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As far as I know, eddy current losses increase with the increase of change of magnetic field.

That means that they increase with a square of a peak of magnetic field and with a square of frequency.

Now what I don't understand is from where does the energy come from if I just increase the frequency of the power delivery system. The energy input is the same at both frequencies. But the eddy current losses actualy increase with a square of frequency.

That means that at some point you could excede the 100 % efficiency. Why this doesn't happen?

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  • $\begingroup$ What do you mean by "the energy input is the same"? You mean the max energy you can provide? $\endgroup$ Commented Mar 8, 2017 at 10:31
  • $\begingroup$ The power is calculated by U * I. The frequency doesn't matter. But in case of eddy currents it does. So if I increase the input frequency, the power input will stay the same, yet output energy caused by eddy currents will not. What is wrong with my thinking? $\endgroup$
    – MaDrung
    Commented Mar 8, 2017 at 10:47

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In detail eddy currents are very complicated and a 100% answer might not be possible. First of all, it should be clear that the efficiency will not be greater than 100%. The Eddy current is taking energy from your system. This is due to the fact that your osculating field is actually radiating. (have a look at Pointing Vectors) This energy loss is small compared to, e.g., ohmic losses, so you do not care very much. If you could increase frequency to any arbitrary value, your radiated energy will increase, eventually limiting your energy input, i.e. there will probably be a max frequency. A second point is to consider that the current distribution changes with frequency.The article on Eddy Currents mentions for the formula, you are probably talking about, neglecting the Skin Effect. Finally, you have to consider that large eddy currents will produce very large fields themselves, which then will couple in your field generating coil and power system, making things even more complicated. Long story short: For ever increasing frequencies your $E \propto f^2$ formula becomes invalid.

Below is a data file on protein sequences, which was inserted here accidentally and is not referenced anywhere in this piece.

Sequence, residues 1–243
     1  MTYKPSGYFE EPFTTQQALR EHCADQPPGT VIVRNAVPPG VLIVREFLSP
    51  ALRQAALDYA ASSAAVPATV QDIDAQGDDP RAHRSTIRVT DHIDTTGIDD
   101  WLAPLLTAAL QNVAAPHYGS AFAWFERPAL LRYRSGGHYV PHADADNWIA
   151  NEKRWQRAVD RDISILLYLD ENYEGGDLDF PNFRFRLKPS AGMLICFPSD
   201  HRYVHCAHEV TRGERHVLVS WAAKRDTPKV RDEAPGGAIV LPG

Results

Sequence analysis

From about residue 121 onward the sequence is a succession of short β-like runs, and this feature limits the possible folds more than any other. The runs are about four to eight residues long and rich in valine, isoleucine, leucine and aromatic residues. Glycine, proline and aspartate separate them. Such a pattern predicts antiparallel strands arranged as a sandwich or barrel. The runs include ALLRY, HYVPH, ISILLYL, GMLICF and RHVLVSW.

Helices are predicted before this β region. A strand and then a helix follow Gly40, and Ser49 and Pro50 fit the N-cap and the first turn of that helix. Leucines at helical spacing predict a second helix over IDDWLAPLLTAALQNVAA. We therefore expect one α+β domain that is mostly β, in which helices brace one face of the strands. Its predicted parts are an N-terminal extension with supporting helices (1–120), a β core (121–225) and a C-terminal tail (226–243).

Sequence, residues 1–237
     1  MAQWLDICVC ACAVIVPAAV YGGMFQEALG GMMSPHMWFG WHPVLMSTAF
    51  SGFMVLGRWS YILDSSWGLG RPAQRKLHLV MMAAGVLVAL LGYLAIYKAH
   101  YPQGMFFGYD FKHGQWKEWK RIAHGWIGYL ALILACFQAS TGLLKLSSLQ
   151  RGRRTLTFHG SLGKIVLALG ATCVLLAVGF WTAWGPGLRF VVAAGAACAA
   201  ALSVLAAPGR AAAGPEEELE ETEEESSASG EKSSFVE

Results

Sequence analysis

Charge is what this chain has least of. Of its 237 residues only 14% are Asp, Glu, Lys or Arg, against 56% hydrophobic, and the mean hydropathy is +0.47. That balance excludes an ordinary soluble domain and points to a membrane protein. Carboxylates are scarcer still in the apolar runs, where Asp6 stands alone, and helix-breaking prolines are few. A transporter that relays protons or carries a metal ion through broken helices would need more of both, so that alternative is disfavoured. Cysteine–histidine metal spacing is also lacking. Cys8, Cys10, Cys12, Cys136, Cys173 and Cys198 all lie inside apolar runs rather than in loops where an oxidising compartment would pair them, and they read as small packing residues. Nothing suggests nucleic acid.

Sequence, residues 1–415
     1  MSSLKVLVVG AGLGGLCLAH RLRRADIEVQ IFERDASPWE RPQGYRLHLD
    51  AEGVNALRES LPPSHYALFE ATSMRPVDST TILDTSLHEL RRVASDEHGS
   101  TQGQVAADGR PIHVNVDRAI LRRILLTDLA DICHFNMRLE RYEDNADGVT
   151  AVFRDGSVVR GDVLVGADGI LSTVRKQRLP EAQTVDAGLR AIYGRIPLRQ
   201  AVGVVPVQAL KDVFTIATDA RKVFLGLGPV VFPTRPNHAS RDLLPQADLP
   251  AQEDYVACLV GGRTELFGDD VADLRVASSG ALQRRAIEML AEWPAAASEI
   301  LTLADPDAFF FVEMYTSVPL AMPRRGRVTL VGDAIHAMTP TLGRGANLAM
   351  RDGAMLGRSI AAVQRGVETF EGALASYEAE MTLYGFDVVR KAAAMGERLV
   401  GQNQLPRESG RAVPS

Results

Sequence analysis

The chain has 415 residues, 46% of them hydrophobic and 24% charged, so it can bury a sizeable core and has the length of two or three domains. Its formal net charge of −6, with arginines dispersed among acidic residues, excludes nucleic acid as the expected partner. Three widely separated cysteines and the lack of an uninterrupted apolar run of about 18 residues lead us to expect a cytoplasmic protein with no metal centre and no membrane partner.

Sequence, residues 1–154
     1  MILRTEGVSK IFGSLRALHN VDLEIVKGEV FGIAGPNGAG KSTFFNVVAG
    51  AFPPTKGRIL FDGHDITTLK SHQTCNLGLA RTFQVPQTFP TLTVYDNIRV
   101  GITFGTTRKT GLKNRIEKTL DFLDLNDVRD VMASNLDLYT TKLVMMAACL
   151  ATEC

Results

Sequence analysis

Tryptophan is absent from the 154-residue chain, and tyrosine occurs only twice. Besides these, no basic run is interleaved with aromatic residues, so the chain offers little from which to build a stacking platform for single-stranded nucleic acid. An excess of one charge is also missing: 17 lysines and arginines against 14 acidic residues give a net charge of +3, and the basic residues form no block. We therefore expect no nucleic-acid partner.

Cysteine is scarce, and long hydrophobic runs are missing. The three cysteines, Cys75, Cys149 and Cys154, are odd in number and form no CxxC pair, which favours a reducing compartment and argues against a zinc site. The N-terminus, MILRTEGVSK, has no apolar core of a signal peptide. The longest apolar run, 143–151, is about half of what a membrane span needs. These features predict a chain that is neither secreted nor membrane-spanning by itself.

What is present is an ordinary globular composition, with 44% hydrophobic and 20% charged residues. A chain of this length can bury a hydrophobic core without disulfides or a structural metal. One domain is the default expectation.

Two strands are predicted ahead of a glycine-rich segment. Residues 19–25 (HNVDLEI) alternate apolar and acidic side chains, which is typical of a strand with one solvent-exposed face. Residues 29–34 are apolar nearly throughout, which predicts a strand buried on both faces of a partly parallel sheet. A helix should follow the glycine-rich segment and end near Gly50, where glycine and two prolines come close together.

Edit

Due to the ongoing discussion in the comments, let me try to give another hint.You can look at your system: